In another aspect, a spray assembly comprises a support element configured for attachment to a vehicle, a first load carrying arm selectively extendable from the support element, and a first nozzle carrying arm attached to the first load carrying arm and having at least two sections connected at a first joint. At least one of the two sections is selectively extendable from the first load carrying arm.

In yet another aspect, a method of deploying a spray boom system is disclosed, wherein a support element of the spray boom system is attached to a vehicle. The method comprises selectively extending a first load carrying arm from the support element and selectively extending at least one of two sections of a first nozzle carrying arm from the first load carrying arm.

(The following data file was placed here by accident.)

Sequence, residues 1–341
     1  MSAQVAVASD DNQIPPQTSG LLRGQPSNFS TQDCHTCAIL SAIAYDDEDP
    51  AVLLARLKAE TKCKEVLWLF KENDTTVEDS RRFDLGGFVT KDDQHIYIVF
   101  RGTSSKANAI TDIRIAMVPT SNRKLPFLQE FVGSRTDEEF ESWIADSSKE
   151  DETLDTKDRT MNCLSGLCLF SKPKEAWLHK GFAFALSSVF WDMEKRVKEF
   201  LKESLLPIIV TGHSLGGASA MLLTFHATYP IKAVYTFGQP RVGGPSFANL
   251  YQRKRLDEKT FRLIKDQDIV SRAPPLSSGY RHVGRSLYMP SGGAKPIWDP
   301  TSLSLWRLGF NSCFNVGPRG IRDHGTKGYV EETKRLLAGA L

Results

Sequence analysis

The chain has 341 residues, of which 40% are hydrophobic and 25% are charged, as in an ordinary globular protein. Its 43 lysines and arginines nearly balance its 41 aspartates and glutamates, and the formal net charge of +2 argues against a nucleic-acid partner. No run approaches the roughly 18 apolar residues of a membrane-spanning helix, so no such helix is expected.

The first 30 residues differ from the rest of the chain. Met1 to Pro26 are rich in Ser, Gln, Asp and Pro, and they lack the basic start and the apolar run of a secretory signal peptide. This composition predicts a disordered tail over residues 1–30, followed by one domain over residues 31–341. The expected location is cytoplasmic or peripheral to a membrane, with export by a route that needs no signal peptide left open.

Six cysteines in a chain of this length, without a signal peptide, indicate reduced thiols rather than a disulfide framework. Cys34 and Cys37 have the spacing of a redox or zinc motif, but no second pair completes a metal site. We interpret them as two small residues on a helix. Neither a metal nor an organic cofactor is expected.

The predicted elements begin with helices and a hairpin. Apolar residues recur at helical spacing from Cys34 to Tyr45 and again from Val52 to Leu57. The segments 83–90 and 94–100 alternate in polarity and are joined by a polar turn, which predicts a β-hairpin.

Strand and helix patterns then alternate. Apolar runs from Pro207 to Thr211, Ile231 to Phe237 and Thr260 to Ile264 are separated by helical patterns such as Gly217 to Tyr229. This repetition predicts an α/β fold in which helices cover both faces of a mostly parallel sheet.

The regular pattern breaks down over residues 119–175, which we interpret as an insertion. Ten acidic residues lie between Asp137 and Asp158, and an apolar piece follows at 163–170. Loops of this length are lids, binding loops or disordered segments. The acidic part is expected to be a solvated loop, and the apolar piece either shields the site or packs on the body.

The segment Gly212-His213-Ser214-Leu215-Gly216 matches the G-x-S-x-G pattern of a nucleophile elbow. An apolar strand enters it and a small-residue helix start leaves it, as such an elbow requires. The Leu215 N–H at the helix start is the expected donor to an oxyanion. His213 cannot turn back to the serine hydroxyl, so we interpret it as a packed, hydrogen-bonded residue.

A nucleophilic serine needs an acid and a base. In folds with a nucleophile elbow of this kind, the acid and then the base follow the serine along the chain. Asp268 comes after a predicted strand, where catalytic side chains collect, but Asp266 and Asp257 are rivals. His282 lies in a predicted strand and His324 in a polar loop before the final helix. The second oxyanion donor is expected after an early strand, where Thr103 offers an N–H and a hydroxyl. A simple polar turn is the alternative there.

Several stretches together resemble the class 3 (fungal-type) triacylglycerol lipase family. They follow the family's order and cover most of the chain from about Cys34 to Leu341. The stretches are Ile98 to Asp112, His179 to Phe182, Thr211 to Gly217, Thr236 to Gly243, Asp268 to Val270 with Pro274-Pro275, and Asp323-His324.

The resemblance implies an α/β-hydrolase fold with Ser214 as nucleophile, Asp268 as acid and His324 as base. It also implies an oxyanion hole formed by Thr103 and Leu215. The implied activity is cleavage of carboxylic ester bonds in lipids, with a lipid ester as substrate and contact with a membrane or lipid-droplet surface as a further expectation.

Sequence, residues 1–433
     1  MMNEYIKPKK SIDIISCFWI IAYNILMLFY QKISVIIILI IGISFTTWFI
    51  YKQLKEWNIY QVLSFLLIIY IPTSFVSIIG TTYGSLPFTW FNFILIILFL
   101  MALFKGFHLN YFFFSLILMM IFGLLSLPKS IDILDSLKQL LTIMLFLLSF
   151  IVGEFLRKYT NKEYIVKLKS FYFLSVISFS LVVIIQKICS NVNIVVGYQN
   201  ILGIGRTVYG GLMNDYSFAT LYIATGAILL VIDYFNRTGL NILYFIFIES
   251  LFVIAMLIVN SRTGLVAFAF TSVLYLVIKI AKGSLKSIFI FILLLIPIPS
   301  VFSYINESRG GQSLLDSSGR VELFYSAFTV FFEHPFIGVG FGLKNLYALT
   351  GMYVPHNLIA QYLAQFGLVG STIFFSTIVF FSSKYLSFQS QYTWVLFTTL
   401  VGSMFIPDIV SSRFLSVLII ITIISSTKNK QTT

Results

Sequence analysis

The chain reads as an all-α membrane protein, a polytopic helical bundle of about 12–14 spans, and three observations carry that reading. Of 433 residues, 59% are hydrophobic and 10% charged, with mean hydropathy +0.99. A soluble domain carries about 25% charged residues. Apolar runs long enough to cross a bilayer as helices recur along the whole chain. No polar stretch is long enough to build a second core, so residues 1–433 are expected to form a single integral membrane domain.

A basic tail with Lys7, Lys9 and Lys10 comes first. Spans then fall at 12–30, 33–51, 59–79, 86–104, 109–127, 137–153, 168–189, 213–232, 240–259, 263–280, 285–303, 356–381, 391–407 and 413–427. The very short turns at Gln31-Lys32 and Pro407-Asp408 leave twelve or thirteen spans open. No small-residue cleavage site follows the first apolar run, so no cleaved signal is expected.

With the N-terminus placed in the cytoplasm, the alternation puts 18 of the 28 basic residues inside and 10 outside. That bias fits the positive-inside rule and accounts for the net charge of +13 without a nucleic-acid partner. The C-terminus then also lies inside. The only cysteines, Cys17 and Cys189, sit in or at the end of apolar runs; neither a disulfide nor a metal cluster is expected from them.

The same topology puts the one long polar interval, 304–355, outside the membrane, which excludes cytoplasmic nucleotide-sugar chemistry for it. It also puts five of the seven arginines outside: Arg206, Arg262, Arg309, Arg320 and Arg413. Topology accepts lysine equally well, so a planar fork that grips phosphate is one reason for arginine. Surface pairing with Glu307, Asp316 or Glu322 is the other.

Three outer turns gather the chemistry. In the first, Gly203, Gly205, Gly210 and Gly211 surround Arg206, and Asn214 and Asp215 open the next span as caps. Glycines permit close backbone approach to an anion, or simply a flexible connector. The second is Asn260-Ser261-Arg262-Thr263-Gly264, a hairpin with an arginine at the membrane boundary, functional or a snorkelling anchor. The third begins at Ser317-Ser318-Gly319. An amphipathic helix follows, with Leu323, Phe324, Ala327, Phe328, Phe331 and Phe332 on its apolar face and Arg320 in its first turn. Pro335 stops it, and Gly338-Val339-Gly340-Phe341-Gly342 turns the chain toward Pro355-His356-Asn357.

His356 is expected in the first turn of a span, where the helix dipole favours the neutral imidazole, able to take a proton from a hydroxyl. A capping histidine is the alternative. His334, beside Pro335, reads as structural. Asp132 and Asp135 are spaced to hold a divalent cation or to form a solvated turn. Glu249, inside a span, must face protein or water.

This summary is provided to introduce concepts in simplified form that are further described below in the Detailed Description. This summary is not intended to identify key features or essential features of the disclosed or claimed subject matter and is not intended to describe each disclosed embodiment or every implementation of the disclosed or claimed subject matter. Specifically, features disclosed herein with respect to one embodiment may be equally applicable to another. Further, this summary is not intended to be used as an aid in determining the scope of the claimed subject matter. Many other novel advantages, features, and relationships will become apparent as this description proceeds. The figures and the description that follow more particularly exemplify illustrative embodiments.